Today I set out to align my rudders on my Nacra 6.0 na. I had to do this since I broke my tiller bar twice. Yeah, twice…….. FYI……never jump on the boat from behind, because you will end up breaking the tiller bar. I broke it the second time when trying to drag the boat down to the water with the rudders on the boat.
FYI……never jump on the boat from behind, because you will end up breaking the tiller bar. I broke it the second time when trying to drag the boat down to the water with the rudders on the boat.
The objective here is to make the rudders 100% straight with the boat. I accomplished this by myself by doing the following:
1. Measure center to center distance of the rudder mounting brackets (Gudgeons). Why ? because by design, the mounting brackets are mounted perfectly center of the pontoons, and the rudders are attached to these mounting brackets which are equal in shape and form so by measureing the center to center distance of the mounting brackets, you will have perfect starting point.
2. Mount the rudders to the boat with tiller cross bar and put the rudders in full down postion. I did this when the boat was on the trailer and I had to back the trailer up on some ramps that I bought from Wal-mart to change the oil in my truck. This gave me the height I needed to put the rudders completely down.
3. At this point, if you have someone to help you, all you have to do is stretch a tape between the two rudders and adjust the distance between the rudders using the tiller crossbar adjustable end cap. This is what I have on my Nacra, but on my Hobie it is just a set screw that I have to release and the inter peace will slide out. Move the tiller bar in or out (make it longer or shorter) as needed to make back edge of the rudders the same distance that you measured in step one. A tip when using a measuring tape is to “cut and inch”. The end of the tape has a metal clip for hooking on a board or such, and it gets in the way when doing this type of detail work, what you want to do is go to the first inch and use that as the starting point. Then all you have to do is add a inch to your measurement and it will be perfect and the person holding the tape will be able to see the line where they need to hold it.
If you don’t have someone to help ( like me in this case ) you need to make a template out of wood so you can have something you can measure the distance with since no one person can hold a tape on one end and measure on the other. I made my template by using a 1″ X 1 1/2″ X 8′ board. You will need at least two boards when drilling the holes. You put both boards side by side tightly together. Then you measure one inch from the end and drill a hole right where the two boards meet. The goal here is to end up with half a hole on the edge of the board that we are going to use as a template. I am just putting both boards together to make the drilling of this half hole easy. Then measure from the center of that hole the distance that you measure in step one. Once again, drill the hole right where the two boards meet. Once you are done, seperate the boards and you will now have one board with two half holes on the edge.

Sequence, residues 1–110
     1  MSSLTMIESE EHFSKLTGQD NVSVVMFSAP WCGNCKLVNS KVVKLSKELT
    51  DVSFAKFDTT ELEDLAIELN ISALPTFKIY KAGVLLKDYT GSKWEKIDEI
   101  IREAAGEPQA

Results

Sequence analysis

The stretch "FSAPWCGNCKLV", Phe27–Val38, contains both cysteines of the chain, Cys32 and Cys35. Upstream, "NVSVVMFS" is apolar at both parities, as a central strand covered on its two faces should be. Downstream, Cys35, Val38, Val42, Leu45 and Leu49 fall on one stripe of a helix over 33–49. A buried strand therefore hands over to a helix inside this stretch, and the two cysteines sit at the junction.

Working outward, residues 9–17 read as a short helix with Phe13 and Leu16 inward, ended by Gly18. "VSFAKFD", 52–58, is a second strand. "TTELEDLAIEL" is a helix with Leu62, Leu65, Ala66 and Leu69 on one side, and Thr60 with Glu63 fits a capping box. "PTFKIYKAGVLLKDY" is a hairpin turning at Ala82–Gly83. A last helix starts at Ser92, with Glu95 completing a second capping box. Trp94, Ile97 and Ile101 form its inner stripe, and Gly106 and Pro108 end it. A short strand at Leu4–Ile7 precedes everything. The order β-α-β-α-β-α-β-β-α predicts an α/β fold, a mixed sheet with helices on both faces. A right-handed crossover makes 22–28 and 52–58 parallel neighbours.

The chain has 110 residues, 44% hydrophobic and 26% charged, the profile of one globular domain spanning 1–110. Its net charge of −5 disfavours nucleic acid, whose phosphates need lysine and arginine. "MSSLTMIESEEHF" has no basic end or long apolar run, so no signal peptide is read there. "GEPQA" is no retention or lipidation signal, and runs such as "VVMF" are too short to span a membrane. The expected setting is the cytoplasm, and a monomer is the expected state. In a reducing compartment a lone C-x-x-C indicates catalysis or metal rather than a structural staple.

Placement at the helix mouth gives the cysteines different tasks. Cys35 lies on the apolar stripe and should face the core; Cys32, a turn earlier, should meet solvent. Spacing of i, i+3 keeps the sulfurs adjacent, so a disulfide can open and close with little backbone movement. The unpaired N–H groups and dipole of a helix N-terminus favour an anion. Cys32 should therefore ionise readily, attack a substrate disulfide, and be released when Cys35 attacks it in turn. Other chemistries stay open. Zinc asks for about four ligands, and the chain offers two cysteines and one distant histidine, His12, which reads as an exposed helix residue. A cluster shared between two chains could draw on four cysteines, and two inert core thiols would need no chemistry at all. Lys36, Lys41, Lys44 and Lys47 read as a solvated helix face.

Walk over to the boat and place the notch (half hole) of one side of the template on the back edge of the rudder, then see if you can put the other notch on the other end of the template on the back edge of the second rudder, making sure to hold the template as level as possible. Take note of the position and them make adjustment to the tiller crossbar adjustable end cap as needed. Continue this until you are able to put the back edge of the rudders into the notch’s of the template and move slide the template up and down the back edge while keeping the template level with out any resistance. To double check your measurement, do the same to the front side of the rudders. You may find that you have to re-adjust just a bit. The goal is to have both the back and the front of the rudders slide into the notch’s with out any resistance. Once you get them to this point they are aligned. Hopefully in the future you will be able to find someone to hold the end of the tape to fine tune it down to the thousands of an inch. But, until that time, this method will work perfectly.
4. Take the boat out on the water and see if you notice a difference. I took mine out this weekend and it was like night and day. I honestly did not realize how out of alignment my rudders were until I aligned them. I no longer have any pull on the rudders, and I know this sounds crazy, but I did not even feel them and the wind was at 20 knots. They just sliced through the water and it made my turning oh so much easier. Aligning the rudders is so easy to do and it really makes a difference.
You can read full article with photos at http://sailinglouisiana.com/?cat=11